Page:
Hiring friends or family can be costly

Hiring friends or family can result in a successful employment relationship for some. However, sometimes a close relationship can become strained due to the employer-employee relationship.

A recent ruling by the Employment Court details how an almost 50-year friendship ended after an employment disagreement. 

In 2009, Mr George Cowan started driving trucks for Kidd Partnership, the business of his long-term friend Mr Charles Kidd. Mr Kidd provided Mr Cowan free accommodation, and in 2010, gave him a section of land valued at $80,000.

Over the next few years, Mr Cowan continued to do various tasks for Kidd Partnership, including construction, maintenance and farm work, which he did not receive any payment for.

In 2016, the relationship began to sour and Mr Cowan made a claim for unpaid wages. The relationship worsened and Mr Cowan stopped working for Kidd Partnership. Mr Cowan then raised a personal grievance for unjustifiable dismissal. 

In response to the grievance, Mr Kidd claimed that Mr Cowan was not an employee but a friend, while Mr Cowan believed he was a permanent employee. The Employment Court ruled that most of Mr Cowan’s work for the Kidd Partnership was that of a casual employee; he should have been paid for his work, but he was not unjustifiably dismissed.

The Court ordered that Kidd Partnership owe Mr Cowan $104,600.85 for unpaid wages and that both Mr Kidd and his son must pay a total penalty of $20,000 – half of which is to be paid to the Crown.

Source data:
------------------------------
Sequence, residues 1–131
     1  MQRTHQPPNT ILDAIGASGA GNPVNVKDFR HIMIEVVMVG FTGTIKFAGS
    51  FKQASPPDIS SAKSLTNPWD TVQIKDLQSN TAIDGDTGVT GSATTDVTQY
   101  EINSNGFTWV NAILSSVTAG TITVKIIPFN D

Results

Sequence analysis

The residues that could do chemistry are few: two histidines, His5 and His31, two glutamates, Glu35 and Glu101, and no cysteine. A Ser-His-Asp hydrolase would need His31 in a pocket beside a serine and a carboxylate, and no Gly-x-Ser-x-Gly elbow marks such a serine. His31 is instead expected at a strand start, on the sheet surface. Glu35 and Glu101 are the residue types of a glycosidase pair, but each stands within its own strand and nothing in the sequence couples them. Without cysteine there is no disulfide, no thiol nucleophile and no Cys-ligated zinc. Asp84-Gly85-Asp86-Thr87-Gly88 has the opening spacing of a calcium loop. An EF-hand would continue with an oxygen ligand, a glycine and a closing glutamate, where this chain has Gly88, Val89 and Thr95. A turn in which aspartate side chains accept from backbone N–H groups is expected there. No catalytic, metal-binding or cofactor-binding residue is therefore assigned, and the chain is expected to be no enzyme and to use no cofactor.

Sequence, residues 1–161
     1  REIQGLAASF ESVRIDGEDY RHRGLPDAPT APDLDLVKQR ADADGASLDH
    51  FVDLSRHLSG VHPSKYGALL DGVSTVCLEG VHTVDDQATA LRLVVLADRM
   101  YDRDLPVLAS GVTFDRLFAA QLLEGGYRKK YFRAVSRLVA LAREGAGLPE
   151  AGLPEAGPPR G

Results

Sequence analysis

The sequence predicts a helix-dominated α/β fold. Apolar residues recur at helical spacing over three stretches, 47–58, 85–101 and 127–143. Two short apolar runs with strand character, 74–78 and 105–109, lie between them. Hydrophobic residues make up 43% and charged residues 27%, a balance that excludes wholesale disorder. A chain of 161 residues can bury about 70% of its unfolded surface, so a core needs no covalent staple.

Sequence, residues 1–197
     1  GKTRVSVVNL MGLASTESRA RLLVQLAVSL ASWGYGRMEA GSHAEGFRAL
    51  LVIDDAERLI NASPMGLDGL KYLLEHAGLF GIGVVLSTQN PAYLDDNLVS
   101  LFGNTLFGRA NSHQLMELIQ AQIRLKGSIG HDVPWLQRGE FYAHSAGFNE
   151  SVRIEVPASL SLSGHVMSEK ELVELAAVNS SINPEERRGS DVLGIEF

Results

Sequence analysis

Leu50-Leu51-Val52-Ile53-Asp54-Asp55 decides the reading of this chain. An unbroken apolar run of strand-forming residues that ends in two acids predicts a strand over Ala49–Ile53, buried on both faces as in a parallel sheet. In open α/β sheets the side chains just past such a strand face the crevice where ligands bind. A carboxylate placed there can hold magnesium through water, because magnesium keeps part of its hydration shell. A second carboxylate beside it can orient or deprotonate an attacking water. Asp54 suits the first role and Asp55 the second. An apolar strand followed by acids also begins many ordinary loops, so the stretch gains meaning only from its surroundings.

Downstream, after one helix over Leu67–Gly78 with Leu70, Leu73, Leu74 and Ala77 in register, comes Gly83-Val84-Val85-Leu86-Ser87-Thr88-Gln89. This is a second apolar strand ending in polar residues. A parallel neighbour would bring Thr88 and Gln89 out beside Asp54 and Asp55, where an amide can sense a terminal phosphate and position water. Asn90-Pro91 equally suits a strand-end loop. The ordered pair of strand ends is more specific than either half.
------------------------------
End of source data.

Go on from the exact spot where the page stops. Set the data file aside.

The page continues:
Mr Kidd requested that the value of the land that he gave to Mr Cowan be deducted from the wages, as he saw the land as payment for the work Mr Cowan had performed and would perform. The Court ruled that the value of the property could not be taken in to account as payment for Mr Cowan’s work. 

At the heart of the matter, as is often the case with employment disputes, is a breakdown in communication. It’s important to remember that employers and employees should, even if they are a friend or family member, communicate clearly with each other so each party understands what is expected of them and what their work arrangements are.

This includes having the correct employment agreement and keeping accurate records. Having written documentation makes things clearer for both employees and employers, and can reduce the chance of a dispute. 

If you are thinking about having friends or family help with your business, it’s worth considering the employment implications of the arrangement. The situation can become an employment relationship and could turn out to be costly.

Business owners must act carefully and follow proper processes when hiring staff, regardless of their relationship with the person. 

Cases of interest – July 2020

Preventing relationship problems

Keeping accurate records

Employment agreements